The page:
John Nestor’s criticism of the Regional Rail Link (RRL) (“Expert says regional rail link not the answer” GA 21/2) only backs up what the PTUA has been saying since the project was first announced. How can anyone possibly justify a $5 billion project that will leave many passengers worse off?
The RRL will fail to achieve either of its aims, providing neither a good suburban service for the Tarneit area, nor a satisfactory service for many Geelong line passengers.
The RRL bypasses key interchange points at Werribee and North Melbourne, whereas good public transport systems should make connections easier.
We were told that modelling had been done of the time Geelong trains will take when travelling via the Tarneit bypass, but no such documentation has been released.
When he assumed office a year ago, Transport Minister Terry Mulder had the chance to conduct the sort of detailed review of the project that wasn’t done in the first place. The sorts of alternatives suggested by John Nestor could have been thoroughly examined.
Instead, Mr Mulder embraced the previous government’s flawed project, even though he had pointed out its shortcomings when he was in opposition.
Sadly, he has even resorted to tiresome spin by claiming that the downgrading of service resulting from the RRL will actually be an improvement.
It’s revealing that in his attempt to justify the flawed Regional Rail Link project (Don’t fuss about problems with new rail link, GA 29/2), Transport Minister Terry Mulder makes no mention at all of the worst aspect of the scheme – the bypassing of North Melbourne station.
Indeed, that aspect of the plan can’t be justified. North Melbourne station is a vital interchange point for hundreds of regional rail travellers every day, so much so that $30 million was recently spent to enhance its interchange function.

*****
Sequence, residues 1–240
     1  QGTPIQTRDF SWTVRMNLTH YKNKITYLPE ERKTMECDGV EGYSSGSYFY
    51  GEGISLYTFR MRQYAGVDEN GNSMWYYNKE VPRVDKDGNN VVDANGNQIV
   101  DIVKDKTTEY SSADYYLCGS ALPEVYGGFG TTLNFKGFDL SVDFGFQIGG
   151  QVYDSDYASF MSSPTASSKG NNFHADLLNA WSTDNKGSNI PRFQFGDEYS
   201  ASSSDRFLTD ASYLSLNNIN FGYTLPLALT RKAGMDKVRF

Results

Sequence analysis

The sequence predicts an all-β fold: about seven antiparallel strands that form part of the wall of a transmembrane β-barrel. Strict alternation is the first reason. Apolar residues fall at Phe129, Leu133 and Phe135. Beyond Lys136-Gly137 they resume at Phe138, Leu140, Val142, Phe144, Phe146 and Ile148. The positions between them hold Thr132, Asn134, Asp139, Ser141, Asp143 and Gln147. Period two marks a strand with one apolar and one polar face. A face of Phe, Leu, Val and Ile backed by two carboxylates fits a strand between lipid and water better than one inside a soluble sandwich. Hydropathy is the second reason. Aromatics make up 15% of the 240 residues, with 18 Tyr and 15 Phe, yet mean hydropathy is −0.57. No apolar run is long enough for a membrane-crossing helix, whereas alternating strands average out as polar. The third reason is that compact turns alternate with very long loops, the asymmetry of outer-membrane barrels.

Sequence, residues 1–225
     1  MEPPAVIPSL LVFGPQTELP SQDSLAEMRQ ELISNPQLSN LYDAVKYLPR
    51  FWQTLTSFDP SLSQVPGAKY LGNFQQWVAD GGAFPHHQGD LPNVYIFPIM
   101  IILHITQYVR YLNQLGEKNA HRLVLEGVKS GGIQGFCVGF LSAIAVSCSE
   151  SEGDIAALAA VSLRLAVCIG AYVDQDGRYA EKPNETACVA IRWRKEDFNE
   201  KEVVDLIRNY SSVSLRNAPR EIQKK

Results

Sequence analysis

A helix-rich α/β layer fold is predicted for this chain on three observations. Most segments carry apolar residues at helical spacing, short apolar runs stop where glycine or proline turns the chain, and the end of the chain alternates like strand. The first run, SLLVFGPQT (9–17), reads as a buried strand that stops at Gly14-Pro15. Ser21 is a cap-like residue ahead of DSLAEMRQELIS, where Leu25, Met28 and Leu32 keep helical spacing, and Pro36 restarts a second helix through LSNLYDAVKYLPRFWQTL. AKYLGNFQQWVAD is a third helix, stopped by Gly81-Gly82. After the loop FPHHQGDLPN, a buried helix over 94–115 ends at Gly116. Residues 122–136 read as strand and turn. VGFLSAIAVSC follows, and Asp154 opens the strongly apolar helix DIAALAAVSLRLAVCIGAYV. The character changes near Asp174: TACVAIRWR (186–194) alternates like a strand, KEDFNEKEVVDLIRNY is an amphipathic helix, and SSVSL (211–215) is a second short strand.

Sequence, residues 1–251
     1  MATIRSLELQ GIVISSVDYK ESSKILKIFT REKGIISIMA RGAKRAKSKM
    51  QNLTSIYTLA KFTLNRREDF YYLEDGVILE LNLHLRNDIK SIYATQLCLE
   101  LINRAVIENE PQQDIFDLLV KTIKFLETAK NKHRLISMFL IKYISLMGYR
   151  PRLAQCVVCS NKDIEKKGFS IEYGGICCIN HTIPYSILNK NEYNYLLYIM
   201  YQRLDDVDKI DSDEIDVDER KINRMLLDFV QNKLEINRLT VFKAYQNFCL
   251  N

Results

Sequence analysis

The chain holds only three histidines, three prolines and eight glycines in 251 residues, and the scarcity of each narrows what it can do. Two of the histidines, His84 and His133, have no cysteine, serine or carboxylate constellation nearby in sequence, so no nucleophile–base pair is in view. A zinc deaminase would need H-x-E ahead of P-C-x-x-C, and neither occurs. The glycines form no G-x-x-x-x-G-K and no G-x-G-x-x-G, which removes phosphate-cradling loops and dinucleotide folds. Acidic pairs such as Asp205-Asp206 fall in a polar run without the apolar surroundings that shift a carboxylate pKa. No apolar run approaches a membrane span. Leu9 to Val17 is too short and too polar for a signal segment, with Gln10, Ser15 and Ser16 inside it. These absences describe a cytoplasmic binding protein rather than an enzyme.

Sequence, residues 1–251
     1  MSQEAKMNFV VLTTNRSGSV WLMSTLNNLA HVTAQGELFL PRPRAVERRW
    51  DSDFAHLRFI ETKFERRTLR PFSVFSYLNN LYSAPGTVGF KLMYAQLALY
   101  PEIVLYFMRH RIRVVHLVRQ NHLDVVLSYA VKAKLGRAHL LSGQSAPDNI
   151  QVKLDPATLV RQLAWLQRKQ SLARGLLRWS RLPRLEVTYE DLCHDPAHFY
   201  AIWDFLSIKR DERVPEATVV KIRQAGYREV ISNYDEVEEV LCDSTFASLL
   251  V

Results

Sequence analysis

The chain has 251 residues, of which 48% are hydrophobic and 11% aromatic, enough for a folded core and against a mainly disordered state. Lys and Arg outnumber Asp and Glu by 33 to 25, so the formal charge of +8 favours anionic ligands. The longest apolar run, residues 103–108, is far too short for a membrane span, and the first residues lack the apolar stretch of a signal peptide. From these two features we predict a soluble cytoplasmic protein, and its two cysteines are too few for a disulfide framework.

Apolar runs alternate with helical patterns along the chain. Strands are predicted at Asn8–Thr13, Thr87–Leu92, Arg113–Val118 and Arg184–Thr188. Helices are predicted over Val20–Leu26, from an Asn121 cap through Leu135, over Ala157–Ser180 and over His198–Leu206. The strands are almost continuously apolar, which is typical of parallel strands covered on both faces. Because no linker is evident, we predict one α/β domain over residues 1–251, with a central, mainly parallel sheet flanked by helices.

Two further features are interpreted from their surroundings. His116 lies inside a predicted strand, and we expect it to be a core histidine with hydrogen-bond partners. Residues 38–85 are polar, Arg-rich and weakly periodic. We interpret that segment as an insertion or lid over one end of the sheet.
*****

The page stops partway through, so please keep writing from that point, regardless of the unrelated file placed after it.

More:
From North Melbourne, passengers have the choice of three different City Loop train services, as well as the highly-successful 401 bus to the university and hospital precincts.
The supposed alternatives to North Melbourne, Footscray and Southern Cross stations, are vastly inferior. From Footscray only one crowded line runs through the loop, and there’s no 410 bus.
Southern Cross station is vast, and interchanges there can involve treks of hundreds of metres, through gates, and up and down stairs and escalators.
No good public transport system should deliberately break any convenient connection between different routes and modes.
Ever since new signalling systems were installed at Newport and Laverton recently, problems with them have plagued the Geelong line. It seems likely that things were done on the cheap and with inadequate supervision.
The Department of Transport and the state government must make a genuine effort identify and admit all the problems, and then spend the money needed to fix them once and for all.
Multi millions of dollars have been spent on improving the Melbourne Road in the last decade or so, even though around eighty percent of Geelong people travelling to Melbourne for work use the train. They have been provided with a second-rate system and they deserve much better.
I hope I can clear up some of John Fairnie’s understandable uncertainty about the Regional Rail Link (RRL) (Something fishy about Regional Rail Link, GA 19/3).
Werribee station will certainly be bypassed by the RRL because it branches off the current Geelong-Melbourne line about six kilometres before Werribee station. After it has run along the Tarneit diversion, the RRL will use current V/Line tracks from Deer Park West to Sunshine, but from there it will use a pair of new tracks right through to Southern Cross station.